Frame scheme to identify children selling goods

#GS2 #ACTs

  • A scheme to identify children, who are found selling products like toys, flowers etc., or begging, to ensure that benefits of the Juvenile Justice (Care and Protection of Children) Act, 2015 could be extended to them.

 

Juvenile Justice (Care and Protection of Children) Act, 2015

  • Juvenile Justice (Care and Protection of Children) Act, 2015 has been passed by Parliament of India amidst intense controversy, debate and protest on many of its provisions by Child Rights fraternity.
  • It replaced the Indian juvenile delinquency lawJuvenile Justice (Care and Protection of Children) Act, 2000, and allows for juveniles in conflict with Law in the age group of 16–18, involved in Heinous Offences, to be tried as adults. 
  • The Act also sought to create a universally accessible adoption law for India, overtaking the Hindu Adoptions and Maintenance Act (1956) (applicable to Hindus, Buddhists, Jains, and Sikhs) and the Guardians and Wards Act (1890) (applicable to Muslims), though not replacing them. The Act came into force from 15 January 2016
  • It was passed on 7 May 2015 by the Lok Sabha amid intense protest by several Members of Parliament. It was passed on 22 December 2015 by the Rajya Sabha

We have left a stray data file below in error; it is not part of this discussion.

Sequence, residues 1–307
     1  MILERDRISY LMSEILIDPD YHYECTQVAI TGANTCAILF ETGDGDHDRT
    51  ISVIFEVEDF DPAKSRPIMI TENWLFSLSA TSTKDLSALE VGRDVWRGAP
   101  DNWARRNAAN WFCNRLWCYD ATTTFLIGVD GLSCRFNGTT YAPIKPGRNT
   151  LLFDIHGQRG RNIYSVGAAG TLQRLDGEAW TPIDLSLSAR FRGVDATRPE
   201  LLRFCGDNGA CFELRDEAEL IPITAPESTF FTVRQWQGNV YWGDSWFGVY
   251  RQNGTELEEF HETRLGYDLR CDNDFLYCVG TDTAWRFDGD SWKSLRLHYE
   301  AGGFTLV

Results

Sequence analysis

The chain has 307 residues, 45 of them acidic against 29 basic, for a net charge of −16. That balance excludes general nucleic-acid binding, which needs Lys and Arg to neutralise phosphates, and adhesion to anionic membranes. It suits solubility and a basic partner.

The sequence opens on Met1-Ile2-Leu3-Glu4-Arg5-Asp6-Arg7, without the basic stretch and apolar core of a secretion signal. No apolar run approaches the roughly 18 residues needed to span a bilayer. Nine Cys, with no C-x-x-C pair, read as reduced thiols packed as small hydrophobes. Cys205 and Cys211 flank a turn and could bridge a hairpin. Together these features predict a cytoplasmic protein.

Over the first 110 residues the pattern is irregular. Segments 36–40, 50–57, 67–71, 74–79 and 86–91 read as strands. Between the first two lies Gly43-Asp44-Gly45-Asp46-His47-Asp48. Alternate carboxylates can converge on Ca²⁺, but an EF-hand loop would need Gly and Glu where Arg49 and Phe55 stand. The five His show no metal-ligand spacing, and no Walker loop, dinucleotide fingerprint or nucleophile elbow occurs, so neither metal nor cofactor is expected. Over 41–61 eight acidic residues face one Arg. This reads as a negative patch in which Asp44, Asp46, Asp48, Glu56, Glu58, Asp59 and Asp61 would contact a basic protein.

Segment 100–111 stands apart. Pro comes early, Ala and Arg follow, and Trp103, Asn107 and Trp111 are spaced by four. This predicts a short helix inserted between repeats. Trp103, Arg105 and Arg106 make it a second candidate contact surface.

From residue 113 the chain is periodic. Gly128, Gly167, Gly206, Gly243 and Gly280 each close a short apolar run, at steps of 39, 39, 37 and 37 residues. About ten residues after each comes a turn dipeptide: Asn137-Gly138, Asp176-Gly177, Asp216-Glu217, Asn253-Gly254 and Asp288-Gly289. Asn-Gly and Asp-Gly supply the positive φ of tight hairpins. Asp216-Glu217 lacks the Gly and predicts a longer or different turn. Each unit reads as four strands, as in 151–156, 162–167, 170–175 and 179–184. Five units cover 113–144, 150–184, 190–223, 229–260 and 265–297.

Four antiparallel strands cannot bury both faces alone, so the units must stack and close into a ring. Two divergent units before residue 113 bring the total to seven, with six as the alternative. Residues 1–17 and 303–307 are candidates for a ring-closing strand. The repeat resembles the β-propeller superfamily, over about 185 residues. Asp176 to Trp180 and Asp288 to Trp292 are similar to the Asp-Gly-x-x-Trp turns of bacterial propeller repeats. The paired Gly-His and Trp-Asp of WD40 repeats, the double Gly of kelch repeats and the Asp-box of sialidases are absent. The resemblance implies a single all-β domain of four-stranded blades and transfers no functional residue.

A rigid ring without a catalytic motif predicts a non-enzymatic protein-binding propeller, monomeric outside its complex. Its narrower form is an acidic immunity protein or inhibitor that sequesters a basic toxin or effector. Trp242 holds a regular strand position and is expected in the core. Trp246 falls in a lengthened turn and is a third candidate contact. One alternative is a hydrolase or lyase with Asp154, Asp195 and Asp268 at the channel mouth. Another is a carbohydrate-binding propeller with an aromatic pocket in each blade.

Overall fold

• To streamline adoption procedures for orphan, abandoned and surrendered children, the existing Central Adoption Resource Authority (CARA) has been given the status of a statutory body to enable it to perform its function more effectively. 
  • A separate chapter on Adoption provides detailed provisions relating to adoption and punishments for non-compliance. 
  • Processes have been streamlined with timelines for both in-country and inter-country adoption including declaring a child legally free for adoption.
  • As of 2019, Ministry of Women & Child Development of Government of India is working towards bringing an amendment, primarily to remove courts from adoption process, to handover it to Executive Magistrates/ District Magistrates and to make Child Welfare Committees administratively and judicially subordinate to District Magistrate, despite nationwide protest against such a move.
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